A new arc takes a turn for the supernnatural in yet another narrative twist for the Emerald Archer.
Benjamin Percy concluded his first arc on GREEN ARROW last month, and while the denoument may have been prematurely reached, it came with a reassuring callback to the tone and setting of Mike Grell’s era of the urban hunter. As Percy launches into the next phase of his tenure with the battling bowman, he uses the grounded tone he established in his first three issues to bring us something a little darker, making good on the promise of a Green Arrow tale with a horror twist.
As has been the case since the book was rebooted in 2011, this new arc comes with another tonal shift, albeit one that is right up Percy’s alley. As Ollie settles into life in Seattle with Kyra, he finds himself at a familiar crossroads. “My history isn’t safe for her,” he muses. “Love isn’t safe for me.” Taking us beneath the familiar Pike Place Markets, and the neon sign that opened The Longbow Hunters almost thirty years ago, Ollie and Kyra encounter a fortune teller who has a story to tell about Ollie’s dog. It’s a callback to the seer who previously warned him about the Night Birds, perhaps indicating that Percy has planted seeds that have yet to fully blossom.
If the perpetual shifts in tone had one indentifiable problem, it was that each creator on the book had an idea of what they thought Green Arrow should be, rather than what he could be. The distinction is an important one, and Jeff Lemire’s back-to-basics approach came the closest to restoring much of the faith the character lost in the reboot. Percy also comes incrediby close in this issue too, capturing a spiritual realism that would not have been out of place in previous eras of the character. However, as he has done for much of his run to date, Percy mostly keeps Green Arrow out of the picture, once again focusing on Oliver Queen outside the costume. More than that, much of this issue concentrates on the background of George the wolfdog, recalling elements of Grell’s ‘Coyote Tears’ and ‘Spirit Quest’ stories from the late 1980s and early 1990s. Despite an absence of a green-clad vigilante for entire issues, Percy’s committment to a sense of place makes this one of the most authentic Green Arrow books of the last few years.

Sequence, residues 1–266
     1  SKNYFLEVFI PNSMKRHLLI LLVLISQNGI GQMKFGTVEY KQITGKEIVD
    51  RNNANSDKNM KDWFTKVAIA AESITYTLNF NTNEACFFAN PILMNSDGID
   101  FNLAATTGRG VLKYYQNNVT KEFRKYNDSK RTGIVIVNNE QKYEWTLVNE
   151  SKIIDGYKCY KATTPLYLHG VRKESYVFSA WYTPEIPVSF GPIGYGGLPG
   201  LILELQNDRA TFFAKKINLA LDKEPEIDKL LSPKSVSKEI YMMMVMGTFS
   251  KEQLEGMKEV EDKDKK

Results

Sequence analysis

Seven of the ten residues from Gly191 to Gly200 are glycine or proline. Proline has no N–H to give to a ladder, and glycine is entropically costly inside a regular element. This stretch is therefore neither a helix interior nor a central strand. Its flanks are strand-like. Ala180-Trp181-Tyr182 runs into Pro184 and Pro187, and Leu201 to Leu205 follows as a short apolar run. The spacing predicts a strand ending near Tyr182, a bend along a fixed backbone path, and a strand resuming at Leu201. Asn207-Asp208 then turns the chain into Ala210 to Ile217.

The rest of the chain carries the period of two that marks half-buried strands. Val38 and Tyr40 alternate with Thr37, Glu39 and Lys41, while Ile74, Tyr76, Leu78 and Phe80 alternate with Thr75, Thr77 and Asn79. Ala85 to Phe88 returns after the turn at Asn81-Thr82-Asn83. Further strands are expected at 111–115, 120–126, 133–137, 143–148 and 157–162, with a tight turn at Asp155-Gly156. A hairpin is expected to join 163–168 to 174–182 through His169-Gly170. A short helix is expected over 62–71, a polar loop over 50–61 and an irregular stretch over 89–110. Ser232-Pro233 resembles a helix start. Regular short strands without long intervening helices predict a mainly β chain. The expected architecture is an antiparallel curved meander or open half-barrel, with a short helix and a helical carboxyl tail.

Zircher brings these scenes to life, the most striking of these being the confrontation between a powerful alpha wolf and the hunter who battled him with an ancient weapon. Yet it has been consistently the small details from the art team that have given this GREEN ARROW a foreboding feel, from the heavy use of shadow and muted color scheme of Seattle, to the photographic way that Zircher stages his action sequences.
GREEN ARROW #44 is mostly a prelude issue, albeit one that delivers some powerful scenes in the anticipation of the story to come. The addition of an unexpected ally in the final pages comes as a pleasing twist, and the addition of this character may raise some eyebrows who still haven’t quite come to terms with her actions with another hero a decade ago. Once again, Percy leaves us pointed in the right direction, and now we patiently wait a month to see if his aim is true.
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